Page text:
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Whistleblower Fired by TSA Twice

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A Transportation Security Administration agent has been fired twice after filing multiple reports of illegal activity and accusing other agents of acting in a manner that endangers public safety.

Robert MacLean was officially categorized as a whistleblower by the US Supreme Court in 2015. As a result of that categorization, the TSA was forced to reinstate MacLean after the agency has fired him for making his accusations. Once reinstated, MacLean proceeded to file additional whistleblower reports and was again fired.

Agency Claims Whistleblower Has Track Record of Misconduct

TSA has accused MacLean of improper conduct, including viewing pornography on a government-issued cell phone. The agency asked the US attorney’s office to pursue criminal charges but the office declined. It was after the request was turned down that the TSA fired MacLean for a second time. In its termination letter to MacLean, the agency accused him of conducting himself in a manner that “undermined TSA’s confidence” in him and his ability to perform his job.

The agency isn’t the only one that reports problems with MacLean. Co-workers have said he promoted conflict in the workplace and didn’t feel confident he’d be there for them in an emergency. Others have called him a racist, a stalker, a liar, a misogynist, and a conspiracy theorist.

MacLean and his lawyers claim these accusations are retaliation for whistleblowing.

In his appeal to the US Office of Special Counsel after his second firing, his lawyer stated that MacLean’s allegations are true and his whistleblower reports are legally protected.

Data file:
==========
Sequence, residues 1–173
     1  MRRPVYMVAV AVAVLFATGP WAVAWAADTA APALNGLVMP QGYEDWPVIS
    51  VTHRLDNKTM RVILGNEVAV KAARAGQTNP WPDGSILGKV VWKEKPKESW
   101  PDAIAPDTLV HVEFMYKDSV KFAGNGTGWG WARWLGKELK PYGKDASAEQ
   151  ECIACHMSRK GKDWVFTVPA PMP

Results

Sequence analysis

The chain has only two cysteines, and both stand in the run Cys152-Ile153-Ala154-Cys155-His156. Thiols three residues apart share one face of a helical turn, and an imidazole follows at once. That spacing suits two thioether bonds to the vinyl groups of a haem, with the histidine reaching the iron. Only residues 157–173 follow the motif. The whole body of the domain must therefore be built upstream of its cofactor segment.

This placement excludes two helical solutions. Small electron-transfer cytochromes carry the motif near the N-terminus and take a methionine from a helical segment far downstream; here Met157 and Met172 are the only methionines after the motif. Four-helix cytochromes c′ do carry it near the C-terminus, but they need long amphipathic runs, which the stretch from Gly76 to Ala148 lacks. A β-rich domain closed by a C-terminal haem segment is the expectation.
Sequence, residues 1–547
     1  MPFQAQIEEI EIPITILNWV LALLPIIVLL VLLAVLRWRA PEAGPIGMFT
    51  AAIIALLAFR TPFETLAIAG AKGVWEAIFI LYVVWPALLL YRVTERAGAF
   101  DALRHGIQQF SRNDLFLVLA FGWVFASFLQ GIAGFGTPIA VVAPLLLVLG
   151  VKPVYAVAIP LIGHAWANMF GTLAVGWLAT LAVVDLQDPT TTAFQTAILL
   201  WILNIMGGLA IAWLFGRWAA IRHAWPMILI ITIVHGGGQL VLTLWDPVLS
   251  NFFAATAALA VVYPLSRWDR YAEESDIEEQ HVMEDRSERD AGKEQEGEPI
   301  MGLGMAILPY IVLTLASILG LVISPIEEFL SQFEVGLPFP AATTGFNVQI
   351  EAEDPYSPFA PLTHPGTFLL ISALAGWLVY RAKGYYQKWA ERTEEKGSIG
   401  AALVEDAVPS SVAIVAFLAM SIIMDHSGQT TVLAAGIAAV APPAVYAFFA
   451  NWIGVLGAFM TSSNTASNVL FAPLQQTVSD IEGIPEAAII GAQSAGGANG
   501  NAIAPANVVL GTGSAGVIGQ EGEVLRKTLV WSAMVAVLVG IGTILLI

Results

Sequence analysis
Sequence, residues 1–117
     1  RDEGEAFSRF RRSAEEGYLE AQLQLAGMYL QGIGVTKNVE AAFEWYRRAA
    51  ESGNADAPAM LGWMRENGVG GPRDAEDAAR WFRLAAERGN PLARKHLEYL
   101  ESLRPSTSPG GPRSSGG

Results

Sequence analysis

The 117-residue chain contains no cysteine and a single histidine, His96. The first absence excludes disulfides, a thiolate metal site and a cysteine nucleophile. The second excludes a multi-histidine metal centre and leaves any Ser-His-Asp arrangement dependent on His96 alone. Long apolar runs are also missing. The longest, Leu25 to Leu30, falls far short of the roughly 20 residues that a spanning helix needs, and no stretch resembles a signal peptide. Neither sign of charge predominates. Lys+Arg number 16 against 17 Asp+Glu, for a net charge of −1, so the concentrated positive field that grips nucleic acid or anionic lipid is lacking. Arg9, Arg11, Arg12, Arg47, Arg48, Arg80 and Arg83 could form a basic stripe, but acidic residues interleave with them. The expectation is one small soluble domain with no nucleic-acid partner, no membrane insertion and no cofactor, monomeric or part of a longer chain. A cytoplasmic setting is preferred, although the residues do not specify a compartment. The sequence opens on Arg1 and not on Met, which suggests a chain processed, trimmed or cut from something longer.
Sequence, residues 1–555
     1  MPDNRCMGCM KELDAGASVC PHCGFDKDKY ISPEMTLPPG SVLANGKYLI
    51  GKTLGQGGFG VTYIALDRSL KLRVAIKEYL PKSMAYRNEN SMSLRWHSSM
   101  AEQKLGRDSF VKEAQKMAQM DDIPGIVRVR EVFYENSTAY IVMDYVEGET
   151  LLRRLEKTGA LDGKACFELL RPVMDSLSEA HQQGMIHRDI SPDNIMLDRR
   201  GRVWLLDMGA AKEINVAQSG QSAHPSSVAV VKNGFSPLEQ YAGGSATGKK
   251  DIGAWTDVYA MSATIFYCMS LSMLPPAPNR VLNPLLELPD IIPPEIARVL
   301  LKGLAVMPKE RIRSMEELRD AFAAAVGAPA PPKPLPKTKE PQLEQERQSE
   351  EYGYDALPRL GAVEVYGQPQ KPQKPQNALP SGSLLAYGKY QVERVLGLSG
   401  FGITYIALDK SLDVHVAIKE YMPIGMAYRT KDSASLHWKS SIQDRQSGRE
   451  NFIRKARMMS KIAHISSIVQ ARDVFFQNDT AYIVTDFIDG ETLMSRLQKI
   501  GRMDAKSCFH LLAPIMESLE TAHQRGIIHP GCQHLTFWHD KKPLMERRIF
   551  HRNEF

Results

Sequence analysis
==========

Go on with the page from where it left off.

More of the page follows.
According to MacLean’s claims against TSA, the agency failed to implement secondary barriers between cockpits and passengers on many aircraft. He also alleged that air marshals and flight crews were without proper equipment for neutralizing attacks carried out by tools that are able to make it through security, and that the agency had failed to respond in a timely manner to the rape of a female airport employee in a restroom at DC’s Reagan National Airport, and had later tried to cover up the event. MacLean’s claims also addressed other safety issues with airplanes and the inability of agents to inspect all airline meals.

MacLean’s lawyer also stated that TSA has been trying to terminate him since he was initially reinstated in his position after the Supreme Court ruling.

TSA Agent Terminated after Speaking to Media

MacLean was originally terminated in 2003 after he fought back against the cancellation of air marshals on long-distance overnight flights to save money on the cost of hotel rooms for the employees. The move came shortly after he’d received an emergency alert from DHS that described a potential “broader scale version of the September 11th plot.”

When his concerns were ignored by TSA, he spoke anonymously to the media. His actions resulted in the reinstatement of air marshals on the flights in question. But in 2006 when TSA became aware of the fact that it had been MacLean that spoke to the media he was terminated from his position.

For nine years MacLean tried to get whistleblower protection, but it wasn’t until the Supreme Court heard his case that his request was honored. As a result of the ruling, TSA had to reinstate him.

But his reinstatement was far from smooth. He had to wait months to get a new security clearance and was then scheduled to fly as an air marshal, despite being recognizable because of the publicity of the case. Later, he was placed in a far-away office location without any duties or colleagues. He had to undergo a psychiatric evaluation and there were disputes concerning how much he was owed in back pay. He also requested a transfer to work in customs or at the border or another department, but was ignored.

Posts by MacLean to a private Facebook group were shared by other members of the group and he was ultimately terminated for a second time.

According to his attorney, TSA “relentlessly and crudely defied” protections in place for whistleblowers.

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